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She has foúr sets of cláws,
And sharp teeth in both jáws,

And two eyes glaring fire;
Snarly Snáp, if you 're wise
You'll not count on your size

But ground árms and retire.

But the dog or the man
Point me out if you can

That beforehand is wise
Snarly Snáp makes a bounce,
On his múzz gets a trounce

That makes bleed nose and eyes.

Snarly Snáp turns his tail
And to mé comes with wail

And complaint against Minn:
“Nay, Snárly Snap, náy;
Those the píper must páy

Who the dancing begin.

“But you 've bóth trespassed só
That oút both must gó,

For I love to be just;"
So I called for the broom,
And out of the room

Both belligerents thrúst.

BRUCHSAL in BADEN, Octob. 16, 1854.

A NIGHT IN MY INN.

At Nine o' Clock, weáry, I lie down in béd;
At Tén o' Clock swárms of gnats búzz round my head;
At ELÉVEN can it búgs be that óver me creép?
At Twélve for the tickling of fless I can't sleep;
At ÓNE how that bóld squalling brát I could flóg !
At Twó o Clock bów - wow-wow goes the watchdog;
From THREE out every quarter hour crows chanticleer;
At Four dówn the street rattling the Málleposte I hear;
From the steeple the matins come pealing at Five;
At Six to the márket the carts and cars drive;
At Séven from my fáce I 'm kept brúshing the fliés;
At Eight I can't sleep for the sun in my eyes;
At Nine comes a súdden tap táp to my door;
I rise in my shirt and barefoot cross the floor,
Turn the kéy and peep out: “Well, my good friend, what

nów?"
“Please will you be sháved, Sir?” replies with a bów
A little, pert, dápper, smug fáced gentlemán
With ápron and rázor and hót-water cán;
Struck with hórror I slám the door tó in his fáce.
Gentle reader, imagine yourself in my place,
With a beárd such as mine, and a threat to be shaved,
And all the night sleepless how hád you behaved ?
But I did him no hárm, only slámmed the door to
An example of patience for Christian and Jew
Then dressed, breakfasted, sét out and, trávelling all dáy,
Passed the night in the next inn much in the same way.

Walking from MEHREN to LOSHEIM, in the EIFEL (RHENISH PRUSSIA ); Novem. 1-2, 1854.

THE RECRUIT.

Off I gó a redcoat soldier, old England's lion cúb,
With my sérgeant and my colors and my rúb-a-dub-a-dúb;
Here's my firelock, here's my báyonet, here 's my leather

cross-belt white, Here is my shining black cartouche-box - March! halt!

face left and right!

There 's a húndred thousand of us, counting every mother's

són, And not one among us áll knows why the war 's begún; That 's our commander's business, our búsiness is to fight, Down with our country's énemies, and God defend the right.

Good bye, my pretty lássy, I 'm going from you fár;
Think sometimes of your rédcoat when you hear talk of the

war;
Take hálf this bran-new sixpence for a plédge twixt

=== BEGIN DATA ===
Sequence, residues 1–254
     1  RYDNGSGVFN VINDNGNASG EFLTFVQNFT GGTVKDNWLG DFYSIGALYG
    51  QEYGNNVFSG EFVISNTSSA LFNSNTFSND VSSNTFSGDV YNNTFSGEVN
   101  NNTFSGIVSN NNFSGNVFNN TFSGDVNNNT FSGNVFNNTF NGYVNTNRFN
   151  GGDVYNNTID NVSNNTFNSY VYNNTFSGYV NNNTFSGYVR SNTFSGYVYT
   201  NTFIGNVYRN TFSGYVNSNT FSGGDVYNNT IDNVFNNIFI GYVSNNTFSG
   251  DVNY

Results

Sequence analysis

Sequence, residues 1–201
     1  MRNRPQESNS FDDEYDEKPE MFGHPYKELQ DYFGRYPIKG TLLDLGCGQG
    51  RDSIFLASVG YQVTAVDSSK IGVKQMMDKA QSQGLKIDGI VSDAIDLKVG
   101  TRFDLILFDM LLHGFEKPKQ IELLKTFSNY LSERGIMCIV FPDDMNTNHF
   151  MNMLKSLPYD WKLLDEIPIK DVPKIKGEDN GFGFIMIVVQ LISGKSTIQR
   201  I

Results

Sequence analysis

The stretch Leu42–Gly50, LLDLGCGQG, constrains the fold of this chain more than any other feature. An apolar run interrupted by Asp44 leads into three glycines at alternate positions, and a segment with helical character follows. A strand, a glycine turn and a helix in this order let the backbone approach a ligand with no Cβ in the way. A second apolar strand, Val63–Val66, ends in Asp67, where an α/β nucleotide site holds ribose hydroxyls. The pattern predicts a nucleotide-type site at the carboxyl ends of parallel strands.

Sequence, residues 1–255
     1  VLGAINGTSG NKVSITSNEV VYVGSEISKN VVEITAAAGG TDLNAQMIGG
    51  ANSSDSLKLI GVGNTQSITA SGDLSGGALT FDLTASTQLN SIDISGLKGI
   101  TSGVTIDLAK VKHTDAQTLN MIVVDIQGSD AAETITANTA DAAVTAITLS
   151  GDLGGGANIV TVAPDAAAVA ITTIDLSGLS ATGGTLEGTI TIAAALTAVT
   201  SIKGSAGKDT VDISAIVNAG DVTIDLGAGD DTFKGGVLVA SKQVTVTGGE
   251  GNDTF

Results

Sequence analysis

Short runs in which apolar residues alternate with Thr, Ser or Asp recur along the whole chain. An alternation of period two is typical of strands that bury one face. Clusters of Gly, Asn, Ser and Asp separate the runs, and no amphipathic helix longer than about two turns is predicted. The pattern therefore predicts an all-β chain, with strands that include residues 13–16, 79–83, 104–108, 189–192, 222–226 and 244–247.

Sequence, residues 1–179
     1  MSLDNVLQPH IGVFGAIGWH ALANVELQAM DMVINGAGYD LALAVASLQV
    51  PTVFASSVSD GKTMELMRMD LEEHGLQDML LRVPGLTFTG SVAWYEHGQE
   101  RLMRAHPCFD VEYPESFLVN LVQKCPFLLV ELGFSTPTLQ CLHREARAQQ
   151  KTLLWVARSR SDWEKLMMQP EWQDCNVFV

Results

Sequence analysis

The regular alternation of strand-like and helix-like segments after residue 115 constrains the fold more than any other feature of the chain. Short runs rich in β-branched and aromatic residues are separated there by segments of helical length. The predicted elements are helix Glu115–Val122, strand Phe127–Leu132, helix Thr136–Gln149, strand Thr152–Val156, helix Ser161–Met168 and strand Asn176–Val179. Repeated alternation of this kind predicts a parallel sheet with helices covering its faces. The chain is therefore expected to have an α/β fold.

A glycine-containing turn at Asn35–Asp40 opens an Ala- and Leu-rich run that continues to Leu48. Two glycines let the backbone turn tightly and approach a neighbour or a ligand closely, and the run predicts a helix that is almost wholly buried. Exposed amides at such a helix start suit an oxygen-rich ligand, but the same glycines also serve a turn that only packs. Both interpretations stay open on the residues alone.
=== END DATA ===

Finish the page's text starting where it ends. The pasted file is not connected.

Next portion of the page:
plédge twixt you and

mé, And every time you sáy your prayers, pray for our victorý.

Come cóme, let 's have no frétting to spoil those pretty eýes; I'd rather have one sweet smile than áll your tears and

sighs. Here 's a húndred kisses for you one more for luck

don't crý And now I 'm off in earnest, good bye, my lass, good bye.

KREUZNACH in RHENISH Prussia, Octob. 29, 1854.

HEAVEN.

"So this is Heaven,” said I to my conductor,
“And I 'm at lást in full and sure possession
Of lífe eternal; lét me look about me.
Methinks, somehow, it 's not what I expected;
Nor cán I say I feel that full delight,
That éxtasy I had anticipated.
Perhaps the reason is, it 's all so new,
And I must hére, as on the Earth below,
Grów by degrees accústomed and inured.”
My guide replied not, but went on before me,
I following: “Are you súre we are in Heaven ?”
Said I, growing uneasy; for I saw
Neither bright ský, nor sun, nor flowers, nor trees;
Heard nó birds cároling, no gurgling waters;
Far léss saw angel forms, heard angel voices
Singing in chórus praise to the Most High;
But áll was blank and desert, dim and dull,
Místy, obscure and undistinguishable,
Fórmless and void as if seen through thick fog
Or not seen through, but only the fog seen,
The fóg alone, monotonous, uniform,
Ráyless, impenetrable, cheerless, dark;
And all was silent as beneath the ocean
Ten thousand thousand fathom, or at the centre
Of the sólid Earth; and when I strove to speak

I started, started when I strove to hear
My guide's responses, for neither my guide
Nor Í spoke húmanly, nor in a human
Lánguage, for I had left my tongue on Earth,
To rót with my body, and had become a spirit
Voiceless and earless, eyeless and etherial,
Ánd with my guide, for he too was a spirit,
Conversed by consciousness without the aid
Of voice or tongue or ears or signs or sounds:
“If this indeed is Heaven," said I at last
Or stróve or wished to say, “in píty bring me
Out of the waste and horrid wilderness
To where there is some light, some sound, some voice,
Some living thing, some stir, some cheerfulness.”
“Spirit, thou talk'st as thou wert still in the flesh,
And still hadst eyes to see, and ears to hear,
And touch wherewith to hold communication
With sólid and material substances.
What úse were light here where there are no eyes?
What úse were sounds here where there are no ears?
What úse were substance where there are no bodies ?
Here cheerful stir or action would but harm
Where every thing 's already in perfection,
Already in its right, most fitting place.
Nay, sígh not, spirit; this is thy wished Heaven.”
At least there is communion among spirits,
Spirits know and love each other, spirits hope,
Spirits rejoice together, and together
Sing Hallelujahs to the Lord their God.”
“I said that spírits sing not, when I said
Spírits have neither voices, tongues, nor ears;
And where 's the room for hope, or love, or knowledge
Where there 's no heart, brain, ignorance or passion?
With thy conductor there 's indeed communion,

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